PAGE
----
Limerick ICMSA chair slams farmer’s gate controversy

Donal O'Regan

Reporter:

Donal O'Regan

Tom Blackburn, chairman of Limerick ICMSA  Photo caption

Tom Blackburn, chairman of Limerick ICMSA Photo caption

A FARMER refused permission by the council and An Bord Pleanala to erect a gate and build a new entrance to his land, as reported in last week’s Farm Leader, has proved a big talking point in the agri community.

Eddie Hennessy made the application at Cloghnadromin, Ballysimon.

Commenting on the issue, Limerick ICMSA chairperson Tom Blackburn said he refused to believe that there wasn’t a way forward to resolve the problem to the satisfaction of both the county council and Mr Hennessy.  

Mr Blackburn said that he was familiar with the stretch of road in question and it was difficult to imagine “a more straight and wide road with clear sightlines of perhaps a half a mile in both directions”. 

He went on to say that it was “hopelessly insufficient” of Limerick City and County Council to simply reject Mr Hennessy’s proposal to open up a gate without coming forward with a suggestion of their own.

“Like every other farmer who read about the case, I’m fascinated by the idea that the council – knowing full well the dilemma that this farmer is in – can just reject the obvious solution without telling us all, and particularly Mr Hennessy, what exactly he is meant to do now.

“The stretch of road in question has been redesigned, resurfaced and widened on several occasions over the last two decades and on every occasion the farmers along the route realised that fair and reasonable co-operation is the only way these things can be progressed. Well, now we want that same attitude extended to Eddie Hennessy.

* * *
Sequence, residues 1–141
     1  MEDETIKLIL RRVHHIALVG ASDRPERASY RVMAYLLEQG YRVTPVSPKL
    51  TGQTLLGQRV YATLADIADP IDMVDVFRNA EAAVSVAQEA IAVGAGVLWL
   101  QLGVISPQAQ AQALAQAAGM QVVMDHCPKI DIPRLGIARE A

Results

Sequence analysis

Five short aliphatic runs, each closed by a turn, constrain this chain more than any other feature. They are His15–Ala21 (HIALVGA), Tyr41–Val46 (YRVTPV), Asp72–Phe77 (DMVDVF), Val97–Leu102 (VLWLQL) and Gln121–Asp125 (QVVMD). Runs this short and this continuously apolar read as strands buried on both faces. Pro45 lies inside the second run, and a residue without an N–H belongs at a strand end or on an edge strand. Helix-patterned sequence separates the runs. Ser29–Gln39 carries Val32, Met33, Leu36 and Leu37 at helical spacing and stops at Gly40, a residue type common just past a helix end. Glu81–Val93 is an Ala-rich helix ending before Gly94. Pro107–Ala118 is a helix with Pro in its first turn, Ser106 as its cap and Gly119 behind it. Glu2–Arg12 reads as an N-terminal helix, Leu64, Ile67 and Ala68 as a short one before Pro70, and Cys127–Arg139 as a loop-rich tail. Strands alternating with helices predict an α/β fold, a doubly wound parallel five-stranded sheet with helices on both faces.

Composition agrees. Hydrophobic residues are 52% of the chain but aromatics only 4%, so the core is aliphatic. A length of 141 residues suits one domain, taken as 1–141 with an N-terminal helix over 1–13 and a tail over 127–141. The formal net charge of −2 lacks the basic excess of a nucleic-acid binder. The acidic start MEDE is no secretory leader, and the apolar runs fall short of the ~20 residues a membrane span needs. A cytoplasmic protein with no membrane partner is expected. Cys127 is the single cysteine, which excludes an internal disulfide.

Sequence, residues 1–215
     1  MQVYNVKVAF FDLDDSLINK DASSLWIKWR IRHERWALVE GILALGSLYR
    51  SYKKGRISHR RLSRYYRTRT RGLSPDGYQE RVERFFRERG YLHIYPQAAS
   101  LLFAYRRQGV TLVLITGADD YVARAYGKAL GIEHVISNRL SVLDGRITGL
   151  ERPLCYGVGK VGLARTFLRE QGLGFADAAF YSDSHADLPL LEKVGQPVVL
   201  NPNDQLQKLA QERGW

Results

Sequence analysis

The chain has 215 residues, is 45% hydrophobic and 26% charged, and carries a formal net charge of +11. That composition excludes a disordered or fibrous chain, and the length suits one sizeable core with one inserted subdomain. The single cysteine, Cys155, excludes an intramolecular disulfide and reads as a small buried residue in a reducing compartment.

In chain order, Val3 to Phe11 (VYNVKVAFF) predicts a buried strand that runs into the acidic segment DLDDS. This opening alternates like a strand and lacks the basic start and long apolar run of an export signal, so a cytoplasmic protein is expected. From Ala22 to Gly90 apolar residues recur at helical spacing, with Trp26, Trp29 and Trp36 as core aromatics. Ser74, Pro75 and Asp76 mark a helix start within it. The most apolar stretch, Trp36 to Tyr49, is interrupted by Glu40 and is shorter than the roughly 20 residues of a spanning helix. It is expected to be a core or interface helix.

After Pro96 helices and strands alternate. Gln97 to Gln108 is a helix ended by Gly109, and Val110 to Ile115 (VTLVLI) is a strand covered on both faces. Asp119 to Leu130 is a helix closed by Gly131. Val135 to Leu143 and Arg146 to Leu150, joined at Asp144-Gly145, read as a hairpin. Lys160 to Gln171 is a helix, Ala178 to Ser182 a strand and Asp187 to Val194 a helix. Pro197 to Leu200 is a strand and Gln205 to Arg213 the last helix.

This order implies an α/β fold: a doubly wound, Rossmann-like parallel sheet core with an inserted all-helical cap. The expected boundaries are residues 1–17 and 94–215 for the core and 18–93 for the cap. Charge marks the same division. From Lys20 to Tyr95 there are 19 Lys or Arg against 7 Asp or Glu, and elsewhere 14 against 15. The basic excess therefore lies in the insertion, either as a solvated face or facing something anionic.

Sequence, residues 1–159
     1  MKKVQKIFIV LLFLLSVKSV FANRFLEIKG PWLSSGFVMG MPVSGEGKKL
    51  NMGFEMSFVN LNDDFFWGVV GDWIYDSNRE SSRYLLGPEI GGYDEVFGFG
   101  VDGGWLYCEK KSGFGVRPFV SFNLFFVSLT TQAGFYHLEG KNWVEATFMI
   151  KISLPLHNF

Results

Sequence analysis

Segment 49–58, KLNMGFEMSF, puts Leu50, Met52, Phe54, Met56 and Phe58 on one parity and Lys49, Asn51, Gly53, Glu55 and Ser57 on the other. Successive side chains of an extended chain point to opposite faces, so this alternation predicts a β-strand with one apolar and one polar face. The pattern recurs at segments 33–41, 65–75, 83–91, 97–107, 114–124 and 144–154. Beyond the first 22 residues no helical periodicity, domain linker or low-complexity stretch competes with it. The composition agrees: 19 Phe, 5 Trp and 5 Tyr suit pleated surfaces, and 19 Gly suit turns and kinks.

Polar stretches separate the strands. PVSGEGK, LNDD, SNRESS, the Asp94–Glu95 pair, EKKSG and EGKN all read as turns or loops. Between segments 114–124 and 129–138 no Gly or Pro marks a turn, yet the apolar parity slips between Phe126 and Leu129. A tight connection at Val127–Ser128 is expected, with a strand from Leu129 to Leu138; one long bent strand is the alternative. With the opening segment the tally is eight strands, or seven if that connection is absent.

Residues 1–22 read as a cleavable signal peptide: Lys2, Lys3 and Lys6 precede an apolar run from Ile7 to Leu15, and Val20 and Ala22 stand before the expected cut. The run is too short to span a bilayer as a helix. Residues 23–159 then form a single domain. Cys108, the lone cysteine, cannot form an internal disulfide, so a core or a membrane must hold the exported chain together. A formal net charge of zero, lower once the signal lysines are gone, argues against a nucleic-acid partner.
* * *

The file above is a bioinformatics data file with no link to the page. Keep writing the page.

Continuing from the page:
“How is he meant to farm these 17 acres? How is he meant to access them if he can’t open a gate into the land?  This now becomes something of a ‘test case’ which will tell us a great deal about Limerick City and County Council’s attitude to its farming community – and specifically Limerick’s milk producing farmers, who are amongst the busiest and most progressive in the state.

“Mr Hennessy has a problem that is utterly outside his control and not of his making at all,” said Mr Blackburn.

The Limerick ICMSA chairman said we can all work together to see how he can be helped and this actually quite minor issue be resolved, or “we can just wash our hands and retreat behind questionable regulations and watch him ‘swing in the wind’”.

” I’d like to think – and ICMSA would certainly like to think – that we can see a way where this can be worked out and a gate opened into Mr Hennessy’s land that enables him to work it in an absolutely safe and responsible way. That surely is not beyond the bounds of all of us working together,” concluded Mr Blackburn, who farms in Effin.